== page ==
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Man killed while trying to outrace train

Witnesses say the man drove around two cars waiting at the crossing. The train pushed the car 200 yards down the track.

A man was killed Saturday morning when his car got stuck on the railroad tracks east of Zephyrhills and was struck by an oncoming train.

According to witnesses and the Florida Highway Patrol, the man, headed east on County Road 54 at 8:20 a.m., tried to beat the CSX train, even though the gates blocking the crossing had been down for about a minute.

Highway patrol investigators said the man, whose name they did not release because his next of kin hadn't been notified, drove around two cars that had stopped for the train. He steered his small, blue compact car left across the westbound lane and onto the shoulder of the road, then slammed on his brakes as he approached the gravel embankment bordering the tracks.

But with the train fast approaching, the man became stuck on the tracks, the highway patrol said. His front wheels were hooked around one set of rails, and his rear wheels were hooked around the other, the highway patrol said.

Witnesses said the CSX engineer blew his horn twice as he applied the brakes, but couldn't stop in time.

"There's nothing you can do," CSX Transportation spokesman Mike Tolbert said. "It takes a mile to stop a train."

The train, powered by two locomotives that were carrying 90 empty coal hoppers, was headed to Jacksonville, Tolbert said. It was traveling 48 mph in a 60-mph hour zone, he said.

Witnesses described the sound of the impact as a "subtle thump." The train pushed the small car about 200 yards down the track before coming to a stop.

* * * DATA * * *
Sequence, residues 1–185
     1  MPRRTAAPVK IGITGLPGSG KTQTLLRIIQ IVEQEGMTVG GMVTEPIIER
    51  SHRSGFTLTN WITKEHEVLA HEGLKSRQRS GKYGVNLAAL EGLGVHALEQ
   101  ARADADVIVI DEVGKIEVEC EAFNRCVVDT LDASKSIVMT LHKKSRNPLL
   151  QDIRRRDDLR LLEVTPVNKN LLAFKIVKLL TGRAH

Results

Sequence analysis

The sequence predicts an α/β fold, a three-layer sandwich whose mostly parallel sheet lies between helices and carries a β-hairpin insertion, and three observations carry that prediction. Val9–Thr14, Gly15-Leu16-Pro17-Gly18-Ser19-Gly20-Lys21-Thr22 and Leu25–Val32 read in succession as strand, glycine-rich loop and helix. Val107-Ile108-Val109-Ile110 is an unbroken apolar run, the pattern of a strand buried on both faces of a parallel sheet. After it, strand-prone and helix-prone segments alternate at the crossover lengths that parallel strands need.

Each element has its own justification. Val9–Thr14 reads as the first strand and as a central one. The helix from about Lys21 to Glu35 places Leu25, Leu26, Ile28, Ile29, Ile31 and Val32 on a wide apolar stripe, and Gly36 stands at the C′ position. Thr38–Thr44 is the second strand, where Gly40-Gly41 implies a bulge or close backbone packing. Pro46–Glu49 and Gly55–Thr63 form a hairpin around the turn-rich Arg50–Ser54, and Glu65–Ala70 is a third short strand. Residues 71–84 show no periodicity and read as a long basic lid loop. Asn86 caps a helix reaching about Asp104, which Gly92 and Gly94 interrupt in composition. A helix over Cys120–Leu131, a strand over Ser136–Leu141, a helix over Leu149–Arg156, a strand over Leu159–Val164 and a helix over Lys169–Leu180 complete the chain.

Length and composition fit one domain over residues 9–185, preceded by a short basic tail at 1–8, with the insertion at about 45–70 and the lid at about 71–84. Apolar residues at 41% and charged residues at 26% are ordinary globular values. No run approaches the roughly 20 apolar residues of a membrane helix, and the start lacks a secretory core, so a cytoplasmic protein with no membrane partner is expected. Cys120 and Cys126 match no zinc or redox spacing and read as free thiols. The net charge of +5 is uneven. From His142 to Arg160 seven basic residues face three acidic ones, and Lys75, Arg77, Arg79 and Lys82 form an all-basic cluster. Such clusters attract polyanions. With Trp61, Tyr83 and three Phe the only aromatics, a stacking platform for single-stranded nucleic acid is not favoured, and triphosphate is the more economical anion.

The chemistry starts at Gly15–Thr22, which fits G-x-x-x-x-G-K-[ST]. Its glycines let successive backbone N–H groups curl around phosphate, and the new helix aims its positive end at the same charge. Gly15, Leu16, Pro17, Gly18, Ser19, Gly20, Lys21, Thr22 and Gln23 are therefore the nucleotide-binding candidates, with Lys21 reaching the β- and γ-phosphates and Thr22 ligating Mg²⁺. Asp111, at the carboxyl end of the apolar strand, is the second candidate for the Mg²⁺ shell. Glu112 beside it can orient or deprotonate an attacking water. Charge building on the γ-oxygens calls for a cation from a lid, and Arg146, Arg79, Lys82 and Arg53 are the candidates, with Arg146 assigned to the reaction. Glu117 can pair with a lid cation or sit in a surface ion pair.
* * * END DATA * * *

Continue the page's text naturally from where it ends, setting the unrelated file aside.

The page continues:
"It looked like the guy took a chance and didn't make it," said Tim Holland, 32, who lives beside the tracks and heard the collision.

Kenny Williams was standing in Holland's yard and saw the train pushing the car down the tracks. He said he knew the driver had been killed.

"Trains ain't nothing to play with," he said.

Hours later, the front right side of the crumpled car was still pinned under the lead engine's snow plow. The car had no license plate. A sticker on the dashboard read, "Mentally confused and prone to wandering."

The train did not leave the tracks. But for a few scratches and flecks of blue paint from the victim's car, the train was not damaged.

"These things are preventable if people obey the law and use common sense," said Tolbert. "People need to realize that when they run across the cross arms, they're going to lose every time."

The engineer stood beside the wreckage Saturday morning and shook his head.

"This is not how I planned to spend my morning," the engineer said, declining to give his name.

Tolbert declined to release the engineer's name, citing company policy. Highway patrol investigators hadn't released the engineer's name as of Saturday afternoon.

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